Opponents of Bernard Klatt's FTC Internet provider are now callin on BC Tel to cancel his telephone service.
The Oliver man allows groups supporting white supremacy and NeoNazism to establish websites on his server. Klatt has come under fire in recent months for the business decision, and was the subject of a free speech rally held in Oliver March 21.
Now, B'nai Brith of Canada has called on BC Tel to stop "enabling" Klatt to spread hatred through the Internet. B'nai Brith vice-president David Matas and Alan Dutton of the Canadian Anti-racism Education and Research Society met with BC Tel representatives Monday in Vancouver.
BC Tel spokesman Michelle Gagne said the meeting was "very straightforward".
"We were there to listen to B'nai Brith and look at the next step", said Gagne, adding she has asked Matas to provide more specific information regarding the questionable websites.
But Gagne said the telephone company is "two steps removed from the actual problem", noting Klatt provides the actual service to those who post the objectionable material. "He is using a pipeline of ours to get to the Internet but we don't offer service directly to (Klatt's) customers."
"We don't have the authority to disconnect a phone line based on our opinions", said Gagne, but added BC Tel will study its Internet server contracts and make sure Fairview Technology complies with the terms of the agreement.
Matas, a lawyer, has informed BC Tel that it does have the authority to deny service to Klatt.
"This is a private business, they are free to do business with whoever they want. The corner grocer doesn't have to stock pornography. This has nothing to do with free speech - it's a business decision."
Matas said there is plenty of established precedence of telephone companies restricting Internet access. He said Telus, an Alberta phone company, recently threatened to end access for a provider whose sites were being used by "Spammers" to litter e-mail addresses with junk mail.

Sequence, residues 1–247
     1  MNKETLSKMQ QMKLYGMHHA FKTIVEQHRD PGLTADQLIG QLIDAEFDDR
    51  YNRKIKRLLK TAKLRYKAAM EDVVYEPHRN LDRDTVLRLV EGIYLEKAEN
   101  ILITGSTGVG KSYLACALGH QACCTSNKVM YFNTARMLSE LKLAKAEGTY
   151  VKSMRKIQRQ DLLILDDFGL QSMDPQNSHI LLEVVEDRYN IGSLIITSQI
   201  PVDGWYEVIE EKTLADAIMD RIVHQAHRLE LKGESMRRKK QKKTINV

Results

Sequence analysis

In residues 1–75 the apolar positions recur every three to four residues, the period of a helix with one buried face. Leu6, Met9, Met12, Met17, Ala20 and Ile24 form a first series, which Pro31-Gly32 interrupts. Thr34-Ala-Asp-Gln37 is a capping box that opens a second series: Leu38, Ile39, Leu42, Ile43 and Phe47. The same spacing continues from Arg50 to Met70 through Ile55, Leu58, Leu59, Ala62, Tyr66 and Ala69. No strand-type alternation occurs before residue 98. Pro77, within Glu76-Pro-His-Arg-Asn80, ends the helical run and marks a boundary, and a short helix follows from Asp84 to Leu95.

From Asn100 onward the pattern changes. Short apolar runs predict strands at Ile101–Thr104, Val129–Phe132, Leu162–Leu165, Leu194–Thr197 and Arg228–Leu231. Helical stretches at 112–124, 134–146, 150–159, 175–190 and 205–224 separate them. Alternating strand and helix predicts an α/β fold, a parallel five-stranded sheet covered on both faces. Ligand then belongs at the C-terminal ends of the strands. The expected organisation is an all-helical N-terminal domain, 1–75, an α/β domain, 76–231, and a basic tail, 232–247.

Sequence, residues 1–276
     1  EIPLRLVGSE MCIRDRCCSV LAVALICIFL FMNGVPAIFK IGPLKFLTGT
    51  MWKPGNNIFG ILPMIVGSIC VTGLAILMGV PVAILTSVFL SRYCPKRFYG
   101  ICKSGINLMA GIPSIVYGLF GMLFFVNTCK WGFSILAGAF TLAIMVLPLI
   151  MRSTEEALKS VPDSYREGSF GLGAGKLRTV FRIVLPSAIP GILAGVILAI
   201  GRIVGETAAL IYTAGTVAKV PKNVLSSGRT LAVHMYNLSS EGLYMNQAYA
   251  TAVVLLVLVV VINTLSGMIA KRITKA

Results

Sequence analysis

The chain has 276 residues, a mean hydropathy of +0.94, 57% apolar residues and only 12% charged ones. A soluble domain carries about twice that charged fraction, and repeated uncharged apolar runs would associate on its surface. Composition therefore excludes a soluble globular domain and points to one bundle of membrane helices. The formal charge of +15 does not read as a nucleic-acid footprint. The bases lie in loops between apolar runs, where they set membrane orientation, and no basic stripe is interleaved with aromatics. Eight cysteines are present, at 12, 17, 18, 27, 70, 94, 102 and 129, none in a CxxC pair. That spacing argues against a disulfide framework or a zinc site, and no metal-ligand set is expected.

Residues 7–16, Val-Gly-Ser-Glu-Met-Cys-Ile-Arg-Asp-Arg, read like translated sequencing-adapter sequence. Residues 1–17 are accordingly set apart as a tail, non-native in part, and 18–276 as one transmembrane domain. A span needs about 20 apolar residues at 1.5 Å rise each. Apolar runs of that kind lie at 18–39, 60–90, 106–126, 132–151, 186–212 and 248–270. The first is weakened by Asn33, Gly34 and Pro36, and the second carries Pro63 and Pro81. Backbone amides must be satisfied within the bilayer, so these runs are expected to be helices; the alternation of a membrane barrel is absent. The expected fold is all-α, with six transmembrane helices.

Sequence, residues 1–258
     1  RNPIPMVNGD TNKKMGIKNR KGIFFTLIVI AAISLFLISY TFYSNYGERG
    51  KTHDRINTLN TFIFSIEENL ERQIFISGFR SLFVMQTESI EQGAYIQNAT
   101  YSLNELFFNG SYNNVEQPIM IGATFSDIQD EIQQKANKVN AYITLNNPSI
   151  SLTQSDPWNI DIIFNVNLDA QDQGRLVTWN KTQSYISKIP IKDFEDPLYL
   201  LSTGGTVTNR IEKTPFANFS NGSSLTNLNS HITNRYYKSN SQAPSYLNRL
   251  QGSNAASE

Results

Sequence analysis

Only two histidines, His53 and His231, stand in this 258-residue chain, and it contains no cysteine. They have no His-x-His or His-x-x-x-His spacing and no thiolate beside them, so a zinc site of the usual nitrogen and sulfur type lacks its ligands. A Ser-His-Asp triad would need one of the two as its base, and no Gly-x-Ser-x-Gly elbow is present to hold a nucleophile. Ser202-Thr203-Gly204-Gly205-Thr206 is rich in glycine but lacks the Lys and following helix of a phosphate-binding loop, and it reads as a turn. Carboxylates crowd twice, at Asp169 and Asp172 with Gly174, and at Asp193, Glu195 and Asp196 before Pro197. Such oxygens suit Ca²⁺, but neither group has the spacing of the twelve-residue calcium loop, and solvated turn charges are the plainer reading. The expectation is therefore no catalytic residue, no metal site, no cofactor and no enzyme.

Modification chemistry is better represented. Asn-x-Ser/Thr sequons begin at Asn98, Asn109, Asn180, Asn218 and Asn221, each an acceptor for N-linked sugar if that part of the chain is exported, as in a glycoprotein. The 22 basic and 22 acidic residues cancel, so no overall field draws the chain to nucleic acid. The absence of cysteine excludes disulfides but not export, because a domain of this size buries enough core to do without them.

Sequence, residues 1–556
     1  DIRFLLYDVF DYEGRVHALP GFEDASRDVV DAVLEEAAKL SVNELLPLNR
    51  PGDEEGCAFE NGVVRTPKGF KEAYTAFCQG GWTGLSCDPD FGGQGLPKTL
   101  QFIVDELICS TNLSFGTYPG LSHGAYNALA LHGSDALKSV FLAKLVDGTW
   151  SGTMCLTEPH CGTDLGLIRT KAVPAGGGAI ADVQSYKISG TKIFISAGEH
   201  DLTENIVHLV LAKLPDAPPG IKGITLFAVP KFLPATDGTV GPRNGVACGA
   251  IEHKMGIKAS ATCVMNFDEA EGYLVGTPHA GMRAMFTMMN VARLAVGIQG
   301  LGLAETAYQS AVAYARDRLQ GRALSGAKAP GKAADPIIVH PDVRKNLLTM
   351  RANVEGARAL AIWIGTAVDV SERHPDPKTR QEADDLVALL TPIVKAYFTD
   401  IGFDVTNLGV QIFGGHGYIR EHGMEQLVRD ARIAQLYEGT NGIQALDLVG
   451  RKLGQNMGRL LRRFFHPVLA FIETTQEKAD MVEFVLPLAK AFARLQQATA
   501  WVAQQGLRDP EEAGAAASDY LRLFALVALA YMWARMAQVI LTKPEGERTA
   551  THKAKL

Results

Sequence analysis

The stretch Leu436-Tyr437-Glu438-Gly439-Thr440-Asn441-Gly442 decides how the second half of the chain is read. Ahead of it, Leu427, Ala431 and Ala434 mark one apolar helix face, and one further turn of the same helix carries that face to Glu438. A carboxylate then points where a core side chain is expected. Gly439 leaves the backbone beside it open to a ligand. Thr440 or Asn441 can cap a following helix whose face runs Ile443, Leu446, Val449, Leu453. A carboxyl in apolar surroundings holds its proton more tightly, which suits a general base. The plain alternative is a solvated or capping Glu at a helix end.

"They were told they had 48 hours to get rid of the client or they would lose all connections. We're asking BC Tel to give an ultimatum to Fairview", he said. "Promoting hate speech is a far more harmful activity than spamming. Spamming, at its worst, leads to failure of the Intemet. Hate speech has lead to the murder of millions."
Matas noted legislation states telephone service cannot be denied as long as bills are paid and other conditions are met. However, he said no such legislation exists for Internet providers.
"It's just a commercial enterprise. "If, for whatever reason, you're hesitant to make a judgment on legality, surely there cannot be any disagreement that the use of the Internet to promote hatred is an abuse", Matas told BC Tel.
Klatt also provides Intemet access through the Oliver cable company. Company spokesman Ian McKay said OTV will provide access until Klatt asks to discontinue the service.
"We have an obligation to service anyone who asks", said McKay.
However, OTV asked Klatt to remove his telephone equipment from the local cable office when news of Klatt's clients first became public.
"He had equipment in our office, we asked him to vacate the premises."
But McKay said the cable company won't act as a "moral judge" and stressed that Klatt's clients "are not clients of ours".
"I guess we've wrestled with that question on more than one occasion... we can't be the moral judge of everyone in the country and deny them TV."
McKay said all Klatt needs to offer cable access is a business account with OTV and a modem.
In the meantime, the Oliver Chronicle has learned that Klatt's rural telephone service is not adequate to maintain an Internet provider business. Because FTCnet uses the 498 exchange, Klatt's equipment and telephone lines must be housed somewhere within the town of Oliver. A BC Tel representative said the phone lines must be housed in a local commercial or industrial business as residential lines are not sufficient to handle the caller load.